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Occupational Asthma

Occupational asthma is a condition caused by exposure to chemicals or other harmful substances in the workplace, and affects a person's breathing. People who suffer from occupational asthma tend to notice their breathing gets worse as the working week progresses, or after a long day's work.

Symptoms include frequent coughing, wheezing or shortness of breath. Sufferers might also notice that their symptoms improve after taking time away from work, which is a key sign that their asthma is caused by the dust, gas or fumes they come into contact with at work.

What can cause occupational asthma?

The materials which can lead to occupational asthma are sometimes called respiratory sensitisers or 'asthmagens'. According to the charity Asthma UK, there are over 200 known sensitisers and more and more are being discovered as time goes on. Some of the most well-known triggers of occupational asthma are:

  • Wood dust from jobs involving woodwork or carpentry
  • Dust from flour and grain in industrial baking environments, or on farms
  • Chemicals involved in spray painting, foam moulding or surface coatings
  • Dust or powder from rubber or latex, used to make gloves for medical staff
  • Fumes from certain glues or floor cleaners

If you work in an industry such as baking, woodwork or agriculture, or you do a job which involves vehicle spray painting, soldering or working with laboratory animals, you could be in contact with some of these sensitisers, which could lead to occupational asthma. For those who need more information, the Health and Safety Executive publishes a full list of substances found to cause occupational asthma.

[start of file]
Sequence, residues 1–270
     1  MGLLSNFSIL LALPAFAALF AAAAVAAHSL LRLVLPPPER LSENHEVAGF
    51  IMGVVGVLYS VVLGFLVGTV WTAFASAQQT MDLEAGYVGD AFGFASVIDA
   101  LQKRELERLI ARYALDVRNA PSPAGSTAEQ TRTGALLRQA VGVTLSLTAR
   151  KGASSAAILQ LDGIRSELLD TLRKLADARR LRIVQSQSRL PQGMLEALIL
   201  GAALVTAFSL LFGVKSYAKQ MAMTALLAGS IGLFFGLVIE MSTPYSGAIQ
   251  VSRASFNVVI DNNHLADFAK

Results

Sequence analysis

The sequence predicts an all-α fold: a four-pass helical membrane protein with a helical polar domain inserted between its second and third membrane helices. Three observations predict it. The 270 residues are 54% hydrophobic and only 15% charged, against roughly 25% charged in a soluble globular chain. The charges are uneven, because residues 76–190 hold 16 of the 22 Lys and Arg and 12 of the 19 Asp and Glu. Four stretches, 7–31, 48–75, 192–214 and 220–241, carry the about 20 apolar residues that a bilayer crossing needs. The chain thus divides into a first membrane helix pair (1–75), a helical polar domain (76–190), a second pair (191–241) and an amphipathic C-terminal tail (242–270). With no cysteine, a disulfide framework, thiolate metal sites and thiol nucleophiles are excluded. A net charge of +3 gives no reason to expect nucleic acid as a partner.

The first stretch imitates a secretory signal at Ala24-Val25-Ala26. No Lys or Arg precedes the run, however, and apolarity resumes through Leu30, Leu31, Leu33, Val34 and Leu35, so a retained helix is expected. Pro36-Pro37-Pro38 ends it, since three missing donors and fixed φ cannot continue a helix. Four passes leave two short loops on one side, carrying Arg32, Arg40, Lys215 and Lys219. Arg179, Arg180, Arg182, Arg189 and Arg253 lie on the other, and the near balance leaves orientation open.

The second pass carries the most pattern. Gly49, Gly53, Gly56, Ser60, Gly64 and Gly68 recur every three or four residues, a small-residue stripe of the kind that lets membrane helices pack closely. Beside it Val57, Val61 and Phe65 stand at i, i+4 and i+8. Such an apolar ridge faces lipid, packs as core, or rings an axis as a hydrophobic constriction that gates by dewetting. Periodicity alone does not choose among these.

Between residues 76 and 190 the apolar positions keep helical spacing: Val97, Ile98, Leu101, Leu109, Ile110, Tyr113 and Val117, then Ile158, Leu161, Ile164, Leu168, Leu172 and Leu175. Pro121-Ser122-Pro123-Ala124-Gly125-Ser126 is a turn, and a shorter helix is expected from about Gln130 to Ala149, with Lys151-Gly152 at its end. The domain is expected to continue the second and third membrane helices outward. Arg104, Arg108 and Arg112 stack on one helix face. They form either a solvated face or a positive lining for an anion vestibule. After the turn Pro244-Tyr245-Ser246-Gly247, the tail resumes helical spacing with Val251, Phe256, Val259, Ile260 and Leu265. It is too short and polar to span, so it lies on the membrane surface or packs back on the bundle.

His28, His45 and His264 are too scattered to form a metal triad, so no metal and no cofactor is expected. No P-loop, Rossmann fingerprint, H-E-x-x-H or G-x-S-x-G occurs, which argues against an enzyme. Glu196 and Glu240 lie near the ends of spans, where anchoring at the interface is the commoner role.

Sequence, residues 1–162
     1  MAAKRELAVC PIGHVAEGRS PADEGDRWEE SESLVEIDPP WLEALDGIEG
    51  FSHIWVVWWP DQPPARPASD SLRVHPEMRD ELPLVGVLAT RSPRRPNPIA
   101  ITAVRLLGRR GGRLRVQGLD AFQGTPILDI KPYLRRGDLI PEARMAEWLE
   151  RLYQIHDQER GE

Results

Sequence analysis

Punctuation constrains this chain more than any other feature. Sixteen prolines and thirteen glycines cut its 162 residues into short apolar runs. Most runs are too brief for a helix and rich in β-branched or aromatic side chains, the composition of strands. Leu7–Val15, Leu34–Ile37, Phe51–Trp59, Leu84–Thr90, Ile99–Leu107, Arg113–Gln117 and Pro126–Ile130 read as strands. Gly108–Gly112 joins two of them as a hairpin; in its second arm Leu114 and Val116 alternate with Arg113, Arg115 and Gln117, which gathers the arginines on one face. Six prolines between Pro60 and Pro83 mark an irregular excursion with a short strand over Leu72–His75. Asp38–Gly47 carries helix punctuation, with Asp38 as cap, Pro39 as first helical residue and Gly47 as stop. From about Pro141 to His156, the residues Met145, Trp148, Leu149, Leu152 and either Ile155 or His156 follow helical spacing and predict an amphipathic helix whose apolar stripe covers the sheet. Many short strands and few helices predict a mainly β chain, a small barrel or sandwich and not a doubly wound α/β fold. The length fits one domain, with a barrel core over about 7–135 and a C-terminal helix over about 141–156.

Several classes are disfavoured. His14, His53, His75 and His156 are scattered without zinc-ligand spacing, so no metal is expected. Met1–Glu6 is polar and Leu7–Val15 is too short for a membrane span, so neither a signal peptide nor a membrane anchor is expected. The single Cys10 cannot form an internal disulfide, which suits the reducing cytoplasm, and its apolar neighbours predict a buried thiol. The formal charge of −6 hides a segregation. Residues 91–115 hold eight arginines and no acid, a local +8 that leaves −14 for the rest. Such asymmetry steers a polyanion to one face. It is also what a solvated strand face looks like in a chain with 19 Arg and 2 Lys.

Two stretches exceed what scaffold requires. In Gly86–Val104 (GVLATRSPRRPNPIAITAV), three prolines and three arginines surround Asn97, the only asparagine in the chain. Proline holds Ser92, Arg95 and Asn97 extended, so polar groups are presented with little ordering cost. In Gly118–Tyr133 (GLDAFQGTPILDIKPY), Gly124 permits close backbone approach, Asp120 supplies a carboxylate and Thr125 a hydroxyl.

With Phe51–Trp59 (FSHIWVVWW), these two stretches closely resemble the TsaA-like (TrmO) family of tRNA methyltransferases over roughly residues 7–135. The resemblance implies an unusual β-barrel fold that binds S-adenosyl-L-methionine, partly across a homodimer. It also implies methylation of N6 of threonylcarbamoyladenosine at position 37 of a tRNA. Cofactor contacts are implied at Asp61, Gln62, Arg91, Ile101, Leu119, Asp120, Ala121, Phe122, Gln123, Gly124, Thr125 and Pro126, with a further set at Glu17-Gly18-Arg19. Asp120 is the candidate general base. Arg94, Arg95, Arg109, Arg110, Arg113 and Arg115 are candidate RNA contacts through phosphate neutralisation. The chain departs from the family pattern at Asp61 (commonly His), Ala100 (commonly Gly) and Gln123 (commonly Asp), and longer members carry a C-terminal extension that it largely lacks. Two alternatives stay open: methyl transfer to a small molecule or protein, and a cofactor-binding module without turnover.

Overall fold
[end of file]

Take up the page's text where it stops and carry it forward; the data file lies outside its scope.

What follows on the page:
Preventing Occupational Asthma

The symptoms of occupational asthma can take weeks, months or even years to develop, meaning the best thing you can do is to take steps to prevent it from happening to you in the first place. If you think you might be at risk, make sure you have all of the appropriate safety equipment and protective clothing, try to minimise your contact with the substance, and inform your employer of your concerns as soon as possible.

According to the Control of Substances Hazardous to Health Regulations, your employer has a duty to protect employees from the causes of occupational asthma in the workplace. This means warning you of the presence of these substances and doing regular checks on exposure levels.

If you can't avoid coming into contact with these triggers, you should be provided with a protective mask to reduce the levels you breathe in during working hours.

Making a claim for occupational asthma compensation

If you're suffering from occupational asthma and you think your employer hasn't taken the necessary steps to protect your health, we can help. To claim occupational asthma compensation, call us now or start your claim online, or read our occupational asthma compensation page for more information.


Asbestosis is caused by inhaling harmful asbestos fibres which become airborne when disturbed. To make a claim, you must have been diagnosed with the asbestosis within three years.


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